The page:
Lava lamps have been around for over 50 years and are as cool as ever. Based on an egg timer, Edward Craven-Walker invented the lamp in 1963, and founded the UK manufacturing company Mathmos.

The first lava lamp, the Astro, was launched in 1963 and appeared in cult TV shows in the 1960s and 1970s, proving its popularity as a fashionable design of the time.

It has remained popular with many new designs being released, so Craven-Walker was right when he said the lava lamp would always be popular: “It’s like the cycle of life. It grows, breaks up, falls down and then starts all over again.” They are also pretty mesmerizing to watch.

Why not bring the lava lamp’s funky vibe into your interior? The Aurora Biorealis, with purple wax and teal liquid ($37, Amazon), is a tribute to the Northern Lights. Alternatively, opt for a shimmer of ambient light with the Polar Glimmer Motion Light ($37, Amazon).

4. The Sideboard

Vintage sideboard
Vintage sideboard

There’s nothing like seeing a sideboard in a secondhand furniture shop to bring back memories of 1970s dining rooms. Sideboards, traditionally long in nature, were used to store dinnerware — serving dishes, crockery, glassware and cutlery.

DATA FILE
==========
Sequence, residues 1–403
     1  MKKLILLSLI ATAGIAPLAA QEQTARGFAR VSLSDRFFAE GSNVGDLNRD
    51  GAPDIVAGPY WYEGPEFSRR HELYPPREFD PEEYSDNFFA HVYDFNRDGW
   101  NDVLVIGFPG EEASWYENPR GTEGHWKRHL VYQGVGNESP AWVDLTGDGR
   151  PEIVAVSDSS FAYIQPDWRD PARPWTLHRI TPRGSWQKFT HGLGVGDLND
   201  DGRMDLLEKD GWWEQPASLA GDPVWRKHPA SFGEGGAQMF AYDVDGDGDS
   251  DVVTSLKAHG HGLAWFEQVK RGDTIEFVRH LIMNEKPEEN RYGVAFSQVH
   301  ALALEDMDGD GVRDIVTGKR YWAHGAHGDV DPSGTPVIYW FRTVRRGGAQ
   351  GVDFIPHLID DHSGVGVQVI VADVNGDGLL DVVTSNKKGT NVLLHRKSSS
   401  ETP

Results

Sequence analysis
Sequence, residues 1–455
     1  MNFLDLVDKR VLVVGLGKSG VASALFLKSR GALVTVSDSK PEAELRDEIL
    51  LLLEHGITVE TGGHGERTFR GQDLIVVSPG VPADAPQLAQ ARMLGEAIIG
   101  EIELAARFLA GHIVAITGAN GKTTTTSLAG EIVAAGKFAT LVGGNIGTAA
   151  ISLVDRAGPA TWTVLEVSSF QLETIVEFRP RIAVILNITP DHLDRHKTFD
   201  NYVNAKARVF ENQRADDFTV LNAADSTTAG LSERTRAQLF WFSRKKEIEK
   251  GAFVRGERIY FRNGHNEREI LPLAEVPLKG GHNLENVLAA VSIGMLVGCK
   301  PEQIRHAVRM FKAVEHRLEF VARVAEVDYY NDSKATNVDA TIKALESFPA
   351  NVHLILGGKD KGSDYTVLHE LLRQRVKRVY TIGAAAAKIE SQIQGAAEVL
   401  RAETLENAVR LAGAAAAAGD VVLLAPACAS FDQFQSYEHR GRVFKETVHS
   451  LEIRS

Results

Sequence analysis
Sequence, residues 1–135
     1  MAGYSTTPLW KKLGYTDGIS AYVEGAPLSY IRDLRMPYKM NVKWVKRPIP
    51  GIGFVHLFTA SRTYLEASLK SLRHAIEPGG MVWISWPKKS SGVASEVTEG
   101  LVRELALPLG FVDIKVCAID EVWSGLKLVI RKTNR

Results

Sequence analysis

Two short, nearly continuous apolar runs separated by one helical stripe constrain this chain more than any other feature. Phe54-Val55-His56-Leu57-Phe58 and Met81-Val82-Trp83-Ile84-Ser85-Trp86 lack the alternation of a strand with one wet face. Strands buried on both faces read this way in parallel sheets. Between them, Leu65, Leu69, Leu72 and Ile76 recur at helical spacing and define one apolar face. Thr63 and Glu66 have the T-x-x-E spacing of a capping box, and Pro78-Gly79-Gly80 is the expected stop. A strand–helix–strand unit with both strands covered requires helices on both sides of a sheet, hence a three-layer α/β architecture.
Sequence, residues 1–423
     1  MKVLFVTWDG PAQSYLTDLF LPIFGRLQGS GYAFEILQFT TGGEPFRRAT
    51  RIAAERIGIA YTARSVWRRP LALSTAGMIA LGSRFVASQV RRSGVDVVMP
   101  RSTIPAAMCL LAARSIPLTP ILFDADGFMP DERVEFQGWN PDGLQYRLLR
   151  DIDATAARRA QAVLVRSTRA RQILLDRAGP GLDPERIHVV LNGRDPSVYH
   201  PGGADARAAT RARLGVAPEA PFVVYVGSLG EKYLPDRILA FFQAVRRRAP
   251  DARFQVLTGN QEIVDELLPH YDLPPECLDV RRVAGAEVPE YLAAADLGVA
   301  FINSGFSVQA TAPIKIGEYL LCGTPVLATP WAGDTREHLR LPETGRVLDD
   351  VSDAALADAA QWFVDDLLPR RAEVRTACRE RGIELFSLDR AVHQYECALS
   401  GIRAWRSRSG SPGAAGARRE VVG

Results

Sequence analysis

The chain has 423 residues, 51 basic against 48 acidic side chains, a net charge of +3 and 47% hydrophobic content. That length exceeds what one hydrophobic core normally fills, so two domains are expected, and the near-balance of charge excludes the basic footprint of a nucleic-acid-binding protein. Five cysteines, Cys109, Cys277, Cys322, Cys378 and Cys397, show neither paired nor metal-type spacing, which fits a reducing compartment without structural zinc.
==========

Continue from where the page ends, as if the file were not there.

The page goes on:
Today, sideboards can bring fashion and function to your interior. For a retro look, opt for a sideboard on raised legs, with a wood or wood-veneer finish, and be selective about the handles — they can make or break the look. The Coralie Wide 2 Drawer Servicer in Walnut ($215, Wayfair), provides a modern take on the traditional sideboard with contrasting cupboard fronts with a honeycomb-pattern finish.

5. Rugs

Rectangular geometric rug with a white background and yellow and green pattern
Rectangular geometric rug with a white background and yellow and green pattern

In the 1970s, rugs were anything but boring. They were bright, bold, and there to be seen. Rather than pulling a room scheme together on the quiet, they were loud and proud. To add this vibe to your interior, think of geometric patterns in oranges, reds and browns. And have fun!

The Dawn Orange & Ivory Rug from Ruggable boasts a geometric design in two colourways and is available in various sizes, (from $89, Ruggable). Or, to quieten down the impact so it doesn’t resemble your grandparent’s living room, keep to a geometric pattern but tone down on colour. The Novogratz Retro Area Rug is available in blue and green colorways ($39, Walmart).